We had our annual Christmas with Linda and David, today.  It is always a fun time and we always think up some fun foods to have with them.  They do the same when we hit their home in July.  It’s a twice-a-year food-fest that we all really enjoy.

Victor came up with the idea of a huge Lox-and-Bagels platter.  Smoked salmon, bagels, cream cheeses (as in plain, garlic, herb), red onions, capers, sliced tomatoes, olives, chopped eggs…  Plus thin-sliced whole-grain rye bread and fresh berries with a honey and poppy seed creme fraiche.  Sparkling beverages and lots of coffee.

But to start, we had fresh-from-the-oven Danish pastries.

I’ve already told the story of learning to roll Danish pastry when I was a mere child 50 years ago.  And then there was the making of thousands upon thousands of sweet rolls on the aircraft carrier… Like riding a bike, you just don’t forget.

The Danish were a lot of fun.  A lot of work, but a lot of fun.  And…  I made the full batch of dough knowing I was only going to use a fourth of it today.  The rest is for Christmas Morning!  It will be fun to have while we’re opening gifts.

The Danish were light, buttery, soft, and downright delicious!  They were a bit misshapen, but that was because I was trying for a shape I only had a vague recollection of.  Because I made the miniature Danish, they didn’t retain the shape as well as if they had been full-sized.  For Christmas I’ll just do a traditional roll and work on the other shape some other time.

I used the recipe from The Love To Bake Pastry Cookbook from Fantasia Confections in San Francisco, written by founder, Ernest Weil.

As I’ve noted before, Mr. Weil was a great baker, but his recipe-writing can be a bit daunting.  It is important to always read through recipes completely before starting anything – and especially important with these.

The Danish Pastry is composed of several recipes and then a final set of instructions for putting them together and baking them.

It’s not difficult.  It is time-consuming.  Everything needs to be made in advance of the rolling out and baking, but it can also be made the day before – or in several steps over several days.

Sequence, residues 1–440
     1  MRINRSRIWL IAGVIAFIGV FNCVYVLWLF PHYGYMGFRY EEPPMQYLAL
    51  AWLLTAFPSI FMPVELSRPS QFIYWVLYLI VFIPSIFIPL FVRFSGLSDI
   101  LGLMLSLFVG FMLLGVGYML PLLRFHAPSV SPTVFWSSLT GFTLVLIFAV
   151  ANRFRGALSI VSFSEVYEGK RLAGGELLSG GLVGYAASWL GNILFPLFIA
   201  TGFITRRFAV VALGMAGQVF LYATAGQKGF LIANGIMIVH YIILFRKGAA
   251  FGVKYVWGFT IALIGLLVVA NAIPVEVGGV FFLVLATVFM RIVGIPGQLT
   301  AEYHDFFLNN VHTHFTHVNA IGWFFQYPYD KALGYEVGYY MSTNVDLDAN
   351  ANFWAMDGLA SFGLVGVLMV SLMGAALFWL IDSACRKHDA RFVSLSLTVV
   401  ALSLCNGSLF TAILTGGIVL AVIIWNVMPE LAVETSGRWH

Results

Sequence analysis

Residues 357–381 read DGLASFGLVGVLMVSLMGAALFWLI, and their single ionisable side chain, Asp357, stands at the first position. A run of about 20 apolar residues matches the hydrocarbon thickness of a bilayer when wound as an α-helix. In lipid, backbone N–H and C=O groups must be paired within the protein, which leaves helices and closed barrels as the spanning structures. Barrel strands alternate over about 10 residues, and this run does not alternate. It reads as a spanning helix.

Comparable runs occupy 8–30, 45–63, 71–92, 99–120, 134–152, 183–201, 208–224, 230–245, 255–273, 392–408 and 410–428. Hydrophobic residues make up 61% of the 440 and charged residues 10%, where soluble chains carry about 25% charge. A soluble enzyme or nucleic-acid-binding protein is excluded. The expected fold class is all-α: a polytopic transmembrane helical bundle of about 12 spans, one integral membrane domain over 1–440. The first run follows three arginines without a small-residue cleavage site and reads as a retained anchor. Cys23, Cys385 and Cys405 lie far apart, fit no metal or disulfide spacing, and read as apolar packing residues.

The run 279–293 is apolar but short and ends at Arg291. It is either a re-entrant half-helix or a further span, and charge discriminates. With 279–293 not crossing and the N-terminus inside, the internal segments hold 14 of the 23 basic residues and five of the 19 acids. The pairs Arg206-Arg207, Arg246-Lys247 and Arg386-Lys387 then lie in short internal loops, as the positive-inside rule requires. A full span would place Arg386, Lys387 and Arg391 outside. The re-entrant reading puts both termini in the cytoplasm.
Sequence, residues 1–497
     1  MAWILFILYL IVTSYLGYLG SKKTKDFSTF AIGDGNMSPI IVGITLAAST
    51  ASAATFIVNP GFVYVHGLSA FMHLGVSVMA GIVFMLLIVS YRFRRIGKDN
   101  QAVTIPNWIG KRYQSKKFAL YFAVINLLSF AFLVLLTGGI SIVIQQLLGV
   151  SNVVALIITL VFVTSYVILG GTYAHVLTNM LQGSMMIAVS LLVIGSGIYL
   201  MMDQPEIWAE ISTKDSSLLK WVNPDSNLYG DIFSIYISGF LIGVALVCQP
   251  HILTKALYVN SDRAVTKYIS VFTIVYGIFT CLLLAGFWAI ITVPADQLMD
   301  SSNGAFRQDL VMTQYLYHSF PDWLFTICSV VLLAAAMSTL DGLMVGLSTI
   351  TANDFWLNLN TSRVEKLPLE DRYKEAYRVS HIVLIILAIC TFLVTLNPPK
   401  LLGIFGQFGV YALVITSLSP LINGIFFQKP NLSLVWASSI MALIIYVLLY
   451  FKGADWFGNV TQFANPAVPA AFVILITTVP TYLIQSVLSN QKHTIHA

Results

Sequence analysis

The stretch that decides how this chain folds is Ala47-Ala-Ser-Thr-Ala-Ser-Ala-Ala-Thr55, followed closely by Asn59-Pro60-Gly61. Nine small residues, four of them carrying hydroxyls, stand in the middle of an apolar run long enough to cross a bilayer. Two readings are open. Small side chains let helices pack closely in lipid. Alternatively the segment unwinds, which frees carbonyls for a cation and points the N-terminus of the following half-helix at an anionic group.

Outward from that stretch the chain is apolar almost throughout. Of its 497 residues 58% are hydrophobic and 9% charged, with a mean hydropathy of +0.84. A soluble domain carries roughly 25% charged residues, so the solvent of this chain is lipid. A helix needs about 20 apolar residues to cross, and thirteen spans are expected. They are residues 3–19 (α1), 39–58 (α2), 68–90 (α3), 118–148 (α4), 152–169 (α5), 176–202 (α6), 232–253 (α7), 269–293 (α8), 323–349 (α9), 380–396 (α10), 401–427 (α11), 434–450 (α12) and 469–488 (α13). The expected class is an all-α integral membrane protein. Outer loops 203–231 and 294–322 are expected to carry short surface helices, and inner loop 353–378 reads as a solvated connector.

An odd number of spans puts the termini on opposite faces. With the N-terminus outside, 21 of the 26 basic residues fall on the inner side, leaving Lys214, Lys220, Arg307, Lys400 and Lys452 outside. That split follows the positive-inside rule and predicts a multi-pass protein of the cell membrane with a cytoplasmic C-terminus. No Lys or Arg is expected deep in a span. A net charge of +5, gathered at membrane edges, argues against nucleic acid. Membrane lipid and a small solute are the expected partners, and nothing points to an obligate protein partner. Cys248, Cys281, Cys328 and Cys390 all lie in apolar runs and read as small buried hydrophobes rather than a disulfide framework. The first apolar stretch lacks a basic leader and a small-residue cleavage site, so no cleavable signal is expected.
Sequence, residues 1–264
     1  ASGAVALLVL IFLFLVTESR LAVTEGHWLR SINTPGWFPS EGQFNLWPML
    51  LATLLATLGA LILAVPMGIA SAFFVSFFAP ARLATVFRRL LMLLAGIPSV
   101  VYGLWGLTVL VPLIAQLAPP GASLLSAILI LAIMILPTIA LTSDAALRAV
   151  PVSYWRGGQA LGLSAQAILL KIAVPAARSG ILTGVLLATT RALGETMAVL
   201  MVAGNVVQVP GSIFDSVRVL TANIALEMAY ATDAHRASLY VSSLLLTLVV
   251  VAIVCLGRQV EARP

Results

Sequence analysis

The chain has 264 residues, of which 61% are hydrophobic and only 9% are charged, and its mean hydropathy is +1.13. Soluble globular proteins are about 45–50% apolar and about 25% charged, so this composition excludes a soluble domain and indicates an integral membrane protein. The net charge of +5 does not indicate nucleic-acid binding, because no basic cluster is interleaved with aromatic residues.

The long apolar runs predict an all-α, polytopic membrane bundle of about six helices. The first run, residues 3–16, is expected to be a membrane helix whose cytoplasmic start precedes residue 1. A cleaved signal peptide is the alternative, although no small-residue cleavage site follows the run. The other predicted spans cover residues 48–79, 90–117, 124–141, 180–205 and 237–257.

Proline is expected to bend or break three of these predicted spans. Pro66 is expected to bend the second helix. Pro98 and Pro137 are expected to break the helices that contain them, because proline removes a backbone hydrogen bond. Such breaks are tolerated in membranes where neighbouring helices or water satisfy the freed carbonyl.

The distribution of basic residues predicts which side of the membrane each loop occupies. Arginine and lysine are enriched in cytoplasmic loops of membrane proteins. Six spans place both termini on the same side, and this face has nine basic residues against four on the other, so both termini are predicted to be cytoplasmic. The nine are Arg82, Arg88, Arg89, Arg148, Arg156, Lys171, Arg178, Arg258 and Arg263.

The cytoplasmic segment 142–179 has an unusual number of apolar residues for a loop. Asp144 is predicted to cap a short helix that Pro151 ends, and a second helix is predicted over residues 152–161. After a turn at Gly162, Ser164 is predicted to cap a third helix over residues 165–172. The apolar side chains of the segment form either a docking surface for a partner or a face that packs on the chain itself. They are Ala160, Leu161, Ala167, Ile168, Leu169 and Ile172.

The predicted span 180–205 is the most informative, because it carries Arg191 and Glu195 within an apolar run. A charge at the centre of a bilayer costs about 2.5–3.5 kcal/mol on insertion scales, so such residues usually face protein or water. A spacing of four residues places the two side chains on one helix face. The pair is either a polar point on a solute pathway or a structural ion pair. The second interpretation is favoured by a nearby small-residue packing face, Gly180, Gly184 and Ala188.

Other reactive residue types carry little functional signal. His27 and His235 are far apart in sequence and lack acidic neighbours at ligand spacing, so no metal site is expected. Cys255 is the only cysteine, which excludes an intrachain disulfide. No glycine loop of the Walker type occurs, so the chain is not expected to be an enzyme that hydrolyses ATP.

Danish Pastry Dough

Butter Rich & Flaky… Use to Bake Your Favorite Coffeecake or Pastries

Preparation Time:  To prepare the coffeecake is time consuming and involves an overnight process, but to have the aroma of fresh baked coffeecake is worth the effort.
Yeild: 4 Wreathcakes or 4 Danish Krinkles or 3 to 5 Bundt Kuchen, depending on the size of the tins, or 20 4″ Danish Pastries or 30 3″ miniature Danish pastries or 20 Pecanrolls or any combination.

Advance preparation:
Depending on your choice of coffeecake you have tyo prepare baking pans.

Upright electric mixer, rolling pin, baking pans.


  • 1 1/4 cup milk (heated to approx. 120)
  • 2 packages active dry yeast
  • 2 tsp. sugar
  • 2 tbsp all purpose flour
  • 1/2 tsp salt
  • 1/4 cup sugar
  • 1 tbsp lemon zest
  • 2 tsp vanilla
  • 1 whole egg
  • 1 egg yolk
  • 1/2 cube butter, melted (2oz)
  • 3 cups all-purpose flour
  • 2 1/2 cubes butter (10oz)
  • 2 tbsp butter

Heat milk to approx 120 and pour into mixing bowl with dough hook attached.  Add yeast, 2 tsp. sugar, 2 tbsp. all-purpose flour and stir well.

When this mixture bubbles in about 5-10 minutes, add the salt, sugar, lemon zest, vanilla, egg, egg yolk, and melted butter.  Stir on the lowest speed for about 1 minute.
Continue on slow speed and add 2 1/2 cups of the 3 cups of flour.  Mix on slow speed for 2 minutes.  Scrape bottom and sides of bowl with plastic spatula.  Turn mixer to slow speed and slowly add the remaining 1/2 cup of flour.  You may have to add an extra 1/4 cup of flour.  Take the dough from the mixing bowl and place on a well-floured tabletop.  Shape into a rectangle and let rest for 10 minutes.  In the meantime, take out of the refrigerator the 2 1/2 cubes of butter cut into small pieces.  Sprinkle 2 tbsp of flour all over the butter.  With your hands, mix flour and butter to make pliable to place on dough.

Three Fold Process for dough

It was easier to reproduce the book pages than try and explain this!

Vanilla Butter Cream


  • 4 large egg whites
  • 1 cup granulated sugar
  • 1/4 tsp salt
  • 2 tsp vanilla extract
  • 2 tsp vegetable oil
  • 3 cubes unsalted butter, soft (12 oz)

Equipment and Utensils:
Upright or handheld mixer, wire whip, plastic spatula, medium size pot for water bath, candy thermometer.